COLUMBUS, Ohio (Legal Newsline) - The Ohio Supreme Court on Nov. 20 suspended former Ohio Attorney General Marc Edward Dunn's law license for six months as a result of misconduct that occurred during his tenure as attorney general.

Dann served as the Ohio Attorney General from Jan. 8, 2007, until his resignation on May 14, 2008.

He was charged in May 2010 with misdemeanor counts of soliciting improper compensation and filing false financial disclosures while he was attorney general.

He was found guilty of both counts, paid a small fine, and was ordered to perform community service.

As a result of the criminal charges, the Board of Commissioners on Grievances and Discipline charged Dann with "engaging in conduct that adversely reflects on the lawyer's fitness to practice law."

Specifically, Dann hired two individuals for positions in the attorney general's office and provided both of them with free rental housing and associated benefits. Dann's campaign committee paid at least $7,178 in living expenses for one employee and over $30,000 in expenses for another. He also arranged an interest-free loan for one of the employees.

Additionally, while a candidate and elected official, Dann failed to disclose more than $17,000 in expense reimbursement checks on his required financial disclosures and failed to disclose that a campaign contributor and his companies paid $20,803.52 to lease a private jet that transported Dann, his two minor children and others to a Democratic Attorneys General Association seminar in January 2007.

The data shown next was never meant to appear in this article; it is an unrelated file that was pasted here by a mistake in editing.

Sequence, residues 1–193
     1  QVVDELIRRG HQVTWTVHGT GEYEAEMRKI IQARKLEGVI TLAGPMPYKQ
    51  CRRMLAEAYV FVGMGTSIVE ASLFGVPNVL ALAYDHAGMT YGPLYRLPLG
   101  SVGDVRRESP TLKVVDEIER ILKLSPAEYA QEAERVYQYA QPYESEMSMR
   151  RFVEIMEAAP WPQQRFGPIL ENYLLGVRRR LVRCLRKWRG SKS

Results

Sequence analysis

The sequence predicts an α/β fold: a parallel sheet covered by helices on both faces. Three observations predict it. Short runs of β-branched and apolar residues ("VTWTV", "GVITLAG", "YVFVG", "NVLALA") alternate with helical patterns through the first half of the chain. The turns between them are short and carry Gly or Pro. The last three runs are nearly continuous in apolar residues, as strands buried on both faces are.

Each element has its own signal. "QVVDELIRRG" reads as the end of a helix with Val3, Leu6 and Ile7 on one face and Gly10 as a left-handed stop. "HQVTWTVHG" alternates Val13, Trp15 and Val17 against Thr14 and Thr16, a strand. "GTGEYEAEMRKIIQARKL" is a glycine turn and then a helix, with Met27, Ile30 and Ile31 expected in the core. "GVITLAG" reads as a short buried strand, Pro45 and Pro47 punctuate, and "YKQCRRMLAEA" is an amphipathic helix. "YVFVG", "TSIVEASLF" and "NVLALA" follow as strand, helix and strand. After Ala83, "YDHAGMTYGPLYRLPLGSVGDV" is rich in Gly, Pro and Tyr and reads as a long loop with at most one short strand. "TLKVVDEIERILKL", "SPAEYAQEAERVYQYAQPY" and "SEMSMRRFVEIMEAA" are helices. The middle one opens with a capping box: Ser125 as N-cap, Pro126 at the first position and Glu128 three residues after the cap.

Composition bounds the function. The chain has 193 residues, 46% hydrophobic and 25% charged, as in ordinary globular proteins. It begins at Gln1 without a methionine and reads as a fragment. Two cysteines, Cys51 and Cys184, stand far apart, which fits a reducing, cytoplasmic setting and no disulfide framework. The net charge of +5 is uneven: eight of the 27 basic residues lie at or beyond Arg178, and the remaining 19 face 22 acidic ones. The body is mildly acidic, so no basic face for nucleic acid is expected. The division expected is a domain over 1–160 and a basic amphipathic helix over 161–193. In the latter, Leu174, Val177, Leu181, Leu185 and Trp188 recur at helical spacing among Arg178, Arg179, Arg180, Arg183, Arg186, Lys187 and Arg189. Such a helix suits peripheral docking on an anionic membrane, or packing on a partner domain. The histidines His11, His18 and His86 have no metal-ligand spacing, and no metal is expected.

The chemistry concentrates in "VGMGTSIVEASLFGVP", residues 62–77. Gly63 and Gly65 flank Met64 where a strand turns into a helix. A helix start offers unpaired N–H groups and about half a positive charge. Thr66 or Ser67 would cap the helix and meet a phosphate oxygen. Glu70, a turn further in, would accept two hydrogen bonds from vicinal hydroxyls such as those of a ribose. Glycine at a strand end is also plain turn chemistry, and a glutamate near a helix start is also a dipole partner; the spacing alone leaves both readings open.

An aggravating factor that the Board considered was that it had previously sanctioned Dann in 2004 for handling a legal matter without adequate preparation after a former client filed a grievance over Dann's alleged mishandling of a family law issue.

The Board recommended that the Court suspend Dann's license to practice law in Ohio for six months, but Dann objected to the recommended sanction. He argued that the Board did not appropriately weigh the applicable aggravating and mitigating factors and that a stayed suspension would be adequate.

The Court recognized that Dann provided "full and free disclosure to the disciplinary board, has displayed a cooperative attitude toward these proceedings, has established his good character and reputation apart from the charged misconduct, and has been subject to other penalties and sanctions through the criminal justice system."

However, the Court held, "Despite the presence of significant mitigating factors, two aggravating factors - Dann's prior discipline and his position as the state's attorney general at the time he committed his current misconduct - weigh in favor of a more severe sanction."

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